It was because Wesley thought he was about to die that he decided that he wanted to live.
For weeks he was telling me that he has arrived, achieved, or accomplished enlightenment, depending on how you look at the process. But Wesley has been looking for enlightenment as long as I’ve known him, about 20 years. Every few years he thinks he’s found it, but he’s always wrong—for if he had found it, he wouldn’t have to keep reading those awful books on how to achieve enlightenment.
Each tome is more convoluted and contrived than the last—contrived to hide the real truth, I mean. In the first place, everyone knows that truth can’t be found in a book. Truth comes from from living and in moments of grace when you least expect it. When you stop relentlessly pursuing it, demanding answers of a God who may or may not exist—and just lay back in a pool of water under a summer moon—it arrives. Just like that. Truth.
And how do you know it’s there? You just know. It’s as though a spirit has laid on the blanket beside you and whispered in your ear, “Look no further, I am here.” And suddenly you are one with the soft wind, the rustling grass, even the light of the moon.
But Wesley misses moments of grace like this because he is so busy poring over these books, which are quite literally driving him insane. He knows it. We all know it. He can’t stop himself and so he reads and drinks, drinks and reads. Gallons of gin-and-tonics in a week’s time with maybe only a candy bar or two for nourishment, if you could call it that.
After five or six days of this, he begins to lose control of his mind and says things like: “I’ve got it! I understand everything now.” After which he talks at length about compassion.
“You don’t have it,” I tell him. “If you had it, you wouldn’t have to keep drinking. And you would be silent. People who have got it don’t talk about it all the time. They have a stillness inside them that speaks a far greater truth than all these ramblings you go on with day and night.”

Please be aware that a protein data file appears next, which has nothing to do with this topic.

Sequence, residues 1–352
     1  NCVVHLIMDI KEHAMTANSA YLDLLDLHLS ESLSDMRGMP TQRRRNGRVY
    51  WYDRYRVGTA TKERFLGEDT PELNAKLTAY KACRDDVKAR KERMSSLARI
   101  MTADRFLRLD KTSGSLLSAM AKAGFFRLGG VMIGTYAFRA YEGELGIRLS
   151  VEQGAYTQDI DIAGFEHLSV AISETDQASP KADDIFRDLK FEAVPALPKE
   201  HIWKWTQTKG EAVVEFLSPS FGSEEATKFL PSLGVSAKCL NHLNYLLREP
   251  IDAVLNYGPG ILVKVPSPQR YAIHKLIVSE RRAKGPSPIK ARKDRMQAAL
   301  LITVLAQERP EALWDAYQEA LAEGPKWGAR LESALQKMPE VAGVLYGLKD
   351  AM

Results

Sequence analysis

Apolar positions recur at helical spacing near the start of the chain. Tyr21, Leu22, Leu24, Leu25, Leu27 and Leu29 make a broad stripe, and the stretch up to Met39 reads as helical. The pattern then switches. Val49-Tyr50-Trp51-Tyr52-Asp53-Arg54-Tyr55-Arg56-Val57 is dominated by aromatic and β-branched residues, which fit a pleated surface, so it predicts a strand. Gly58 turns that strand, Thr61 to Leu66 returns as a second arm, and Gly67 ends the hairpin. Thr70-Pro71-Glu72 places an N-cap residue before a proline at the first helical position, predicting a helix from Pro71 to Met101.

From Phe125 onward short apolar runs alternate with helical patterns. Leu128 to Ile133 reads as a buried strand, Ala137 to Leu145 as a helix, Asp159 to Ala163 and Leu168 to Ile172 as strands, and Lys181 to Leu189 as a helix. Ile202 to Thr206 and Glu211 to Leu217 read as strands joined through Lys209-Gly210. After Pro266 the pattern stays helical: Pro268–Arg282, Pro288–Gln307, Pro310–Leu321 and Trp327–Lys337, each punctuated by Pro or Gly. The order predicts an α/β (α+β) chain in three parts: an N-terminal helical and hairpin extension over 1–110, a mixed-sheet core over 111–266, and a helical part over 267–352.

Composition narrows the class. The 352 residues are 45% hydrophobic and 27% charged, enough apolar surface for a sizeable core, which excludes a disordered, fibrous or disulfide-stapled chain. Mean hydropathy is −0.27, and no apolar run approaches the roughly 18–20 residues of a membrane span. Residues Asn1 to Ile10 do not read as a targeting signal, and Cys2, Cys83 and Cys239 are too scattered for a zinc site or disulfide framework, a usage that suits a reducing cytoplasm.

Wesley pours himself another drink and informs me of his great truth: “The truth is that we have absolutely no control over anything.” He laughs uproariously, a technique he has adopted of late to try and pretend he is not a miserable as he is.
“Bullshit!” I light a cigarette. “You have control over whether you take the next drink or not. To pretend you have no control is just to avoid taking responsibility for your own life.”
At this point, Wesley drifts asleep with his drink in his hand while I meander around my own sense of reality. I pour myself a strong shot and down it. I look around my living room, which is alive with chaos. I read a new-age book one time that said that “After the chaos comes re-birth.” This has not been true for me. After the chaos comes…more chaos. I pick up books and papers and stack them up in little piles, much like the foster child who has been moved from place to place and seeks to gain some control in his life.
We sleep like two mismatched bookends and awaken at the same instant to bright morning sunshine streaming over the objects in my room. My sleeping dog, Mallory, opens one eye and surveys the room. My two cats, Boots and Solange, leap out of the window and race towards the kitchen and breakfast. I prepare coffee and the warm smell wafts out into the room. The gin is gone so we sip our coffee and watch a cardinal flit about in the oak tree outside. The sunlight has an ethereal quality to it.
I stand and bow and fold my hands together: “Namaste.” Wesley responds in kind and we prepare to take the next step on our journey to enlightenment.
Whatever the hell that is.
Donna Johnson describes herself as a person who thrives on breaking the rules other people have made while also creating rules for herself that do make sense. “My rules do not necessarily follow the law set out by the government and law-abiding citizens,” she says. “They follow an inner law, one unto myself, and when I attempt to go outside this, to conform, disaster follows.” Her stories are often about people who are not recognized by others, who may even seem invisible, but “they often have a great truth to share if one but listens.”
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